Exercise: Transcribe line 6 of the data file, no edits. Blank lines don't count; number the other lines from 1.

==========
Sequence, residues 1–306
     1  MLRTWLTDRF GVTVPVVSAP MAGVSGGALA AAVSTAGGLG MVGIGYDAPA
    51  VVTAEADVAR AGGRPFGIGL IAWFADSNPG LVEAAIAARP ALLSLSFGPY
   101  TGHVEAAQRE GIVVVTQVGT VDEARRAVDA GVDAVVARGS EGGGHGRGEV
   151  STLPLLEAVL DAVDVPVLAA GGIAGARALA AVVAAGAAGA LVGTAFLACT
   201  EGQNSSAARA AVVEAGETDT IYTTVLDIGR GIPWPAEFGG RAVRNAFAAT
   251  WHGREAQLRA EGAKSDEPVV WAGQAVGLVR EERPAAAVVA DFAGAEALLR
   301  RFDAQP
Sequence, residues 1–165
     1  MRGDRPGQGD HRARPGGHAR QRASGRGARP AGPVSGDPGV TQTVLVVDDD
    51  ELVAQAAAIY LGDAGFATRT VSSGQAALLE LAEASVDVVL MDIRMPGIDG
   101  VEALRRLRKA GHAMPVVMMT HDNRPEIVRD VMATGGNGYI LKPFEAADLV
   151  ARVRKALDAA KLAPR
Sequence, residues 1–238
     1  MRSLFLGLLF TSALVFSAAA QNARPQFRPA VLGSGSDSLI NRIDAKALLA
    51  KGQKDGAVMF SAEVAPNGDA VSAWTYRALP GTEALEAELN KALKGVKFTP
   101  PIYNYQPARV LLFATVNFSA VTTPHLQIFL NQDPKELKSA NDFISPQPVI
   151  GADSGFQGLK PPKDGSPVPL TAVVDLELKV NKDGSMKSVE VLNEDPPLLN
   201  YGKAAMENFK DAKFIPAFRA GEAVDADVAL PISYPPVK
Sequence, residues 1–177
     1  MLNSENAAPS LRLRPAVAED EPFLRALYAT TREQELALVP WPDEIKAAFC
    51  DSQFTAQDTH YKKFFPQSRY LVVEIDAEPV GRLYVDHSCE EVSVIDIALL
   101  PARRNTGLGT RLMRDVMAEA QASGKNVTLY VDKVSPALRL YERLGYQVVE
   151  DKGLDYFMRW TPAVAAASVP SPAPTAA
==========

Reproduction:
   201  EGQNSSAARA AVVEAGETDT IYTTVLDIGR GIPWPAEFGG RAVRNAFAAT